On 21 March 2023, the OECD released the fifth Action 6 peer review report and an accompanying press release. The Report was approved by the Inclusive Framework on 10 February 2023 and prepared for publication by the OECD Secretariat. The peer review reflects information available as of 31 May 2022 (the cut-off date) and was carried out using the revised peer review documents published in April 2021.

The Report on the implementation of the minimum standard follows the same structure as the fourth peer review report and is divided into eight chapters. The first chapter, "Implementation of the minimum standard: Aggregate data and key figures," provides an overview of the key statistics related to the minimum standard. The second chapter focuses on the "Key role of the BEPS MLI" in implementing the minimum standard. The third chapter describes the "Plans for the implementation of the minimum standard and support provided to jurisdictions." The fourth chapter presents "Recommendations" based on the findings of the review. The fifth chapter addresses the "Difficulties in implementing the minimum standard" that jurisdictions have encountered. The sixth chapter includes the "Conclusion and next steps" for future improvements. The seventh chapter provides some "Background on the Action 6 minimum standard and peer review." Finally, the eighth chapter contains the "Jurisdictional sections," with detailed information on the implementation of the minimum standard for each member of the Inclusive Framework.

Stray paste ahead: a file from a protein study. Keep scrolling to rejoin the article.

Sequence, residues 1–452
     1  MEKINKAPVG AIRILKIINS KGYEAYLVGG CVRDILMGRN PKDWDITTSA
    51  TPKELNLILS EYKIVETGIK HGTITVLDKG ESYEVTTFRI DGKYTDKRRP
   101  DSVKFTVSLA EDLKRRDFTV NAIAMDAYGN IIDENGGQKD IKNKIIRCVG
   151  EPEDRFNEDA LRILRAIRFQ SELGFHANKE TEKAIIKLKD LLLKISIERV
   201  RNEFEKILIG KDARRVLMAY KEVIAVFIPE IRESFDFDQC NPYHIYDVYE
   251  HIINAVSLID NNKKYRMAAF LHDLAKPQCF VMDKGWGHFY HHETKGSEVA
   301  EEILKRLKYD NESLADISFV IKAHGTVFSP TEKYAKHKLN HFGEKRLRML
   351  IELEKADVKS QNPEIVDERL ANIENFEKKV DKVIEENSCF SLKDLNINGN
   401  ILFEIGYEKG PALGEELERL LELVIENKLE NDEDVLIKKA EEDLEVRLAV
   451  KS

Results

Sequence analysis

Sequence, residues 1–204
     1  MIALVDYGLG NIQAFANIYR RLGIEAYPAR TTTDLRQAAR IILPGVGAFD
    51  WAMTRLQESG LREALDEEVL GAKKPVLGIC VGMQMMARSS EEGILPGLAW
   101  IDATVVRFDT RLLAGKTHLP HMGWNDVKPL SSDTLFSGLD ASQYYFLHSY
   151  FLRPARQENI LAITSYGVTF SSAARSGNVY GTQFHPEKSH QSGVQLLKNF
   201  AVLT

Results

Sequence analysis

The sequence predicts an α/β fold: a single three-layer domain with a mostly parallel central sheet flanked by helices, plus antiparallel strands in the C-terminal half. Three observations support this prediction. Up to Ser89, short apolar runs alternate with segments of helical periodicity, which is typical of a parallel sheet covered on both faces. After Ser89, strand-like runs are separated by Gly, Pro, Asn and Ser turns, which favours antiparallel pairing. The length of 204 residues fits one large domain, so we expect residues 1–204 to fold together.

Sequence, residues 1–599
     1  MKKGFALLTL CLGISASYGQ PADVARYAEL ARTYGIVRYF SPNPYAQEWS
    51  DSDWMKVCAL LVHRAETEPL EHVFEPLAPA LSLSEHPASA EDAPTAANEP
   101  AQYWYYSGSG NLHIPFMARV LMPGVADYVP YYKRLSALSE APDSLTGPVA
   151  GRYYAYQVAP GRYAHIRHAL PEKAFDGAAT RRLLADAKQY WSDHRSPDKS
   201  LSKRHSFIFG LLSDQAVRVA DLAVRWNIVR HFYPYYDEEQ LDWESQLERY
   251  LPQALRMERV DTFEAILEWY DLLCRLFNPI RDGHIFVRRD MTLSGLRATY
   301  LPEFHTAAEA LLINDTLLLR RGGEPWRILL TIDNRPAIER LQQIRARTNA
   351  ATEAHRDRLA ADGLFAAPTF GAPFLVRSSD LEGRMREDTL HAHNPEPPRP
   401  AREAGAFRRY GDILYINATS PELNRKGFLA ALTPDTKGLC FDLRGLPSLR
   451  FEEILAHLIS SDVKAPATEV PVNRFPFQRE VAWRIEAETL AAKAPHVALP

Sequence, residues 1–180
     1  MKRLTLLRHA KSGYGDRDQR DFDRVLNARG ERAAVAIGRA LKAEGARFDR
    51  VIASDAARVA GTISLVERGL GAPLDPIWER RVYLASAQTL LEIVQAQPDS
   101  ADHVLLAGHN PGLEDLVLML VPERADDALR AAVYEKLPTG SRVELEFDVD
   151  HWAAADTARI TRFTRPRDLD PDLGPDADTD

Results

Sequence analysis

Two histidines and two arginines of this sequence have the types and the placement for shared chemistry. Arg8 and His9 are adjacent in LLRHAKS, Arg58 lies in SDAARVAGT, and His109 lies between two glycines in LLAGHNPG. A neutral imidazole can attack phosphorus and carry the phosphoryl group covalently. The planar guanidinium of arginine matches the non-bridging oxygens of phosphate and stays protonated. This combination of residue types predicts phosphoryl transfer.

According to the Report, the 141 jurisdictions that were members of the Inclusive Framework on 31 May 2022 reported a total of 2,426 agreements in force on that date involving Inclusive Framework members, including six multilateral agreements and 890 agreements between Inclusive Framework members and nonmembers. Eight member jurisdictions8 reported they had no comprehensive tax agreements in force. Moreover, 118 Inclusive Framework members had at least some agreements that already complied with the minimum standard or that were subject to a complying instrument and would therefore become compliant soon.

As of 31 May 2022, more than 975 bilateral agreements between members of the Inclusive Framework complied with the minimum standard. An additional 76 agreements not subject to review (i.e., agreements between Inclusive Framework members and nonmembers) also complied with the minimum standard, bringing the total number of compliant agreements concluded by members of the Inclusive Framework to more than 1,050 agreements, which represents a significant increase compared to 2021.

As with previous years, this year's peer review shows that among the three alternative methods to implement the second component of the minimum standard (i.e., (1) the Principal Purpose Test (PPT), (2) the PPT supplemented by a detailed or simplified Limitation on Benefits (LOB), or (3) a detailed LOB together with an anti-conduit mechanism), the PPT alone remains the most widely used. For the agreements listed under the BEPS MLI, all 95 members of the Inclusive Framework that are parties and signatories to the BEPS MLI are implementing the preamble statement and the PPT. Fifteen jurisdictions have also opted to apply the simplified LOB through the BEPS MLI to supplement the PPT when possible. Six additional jurisdictions have agreed to accept a simplified LOB in agreements with partners that opted for it under the BEPS MLI.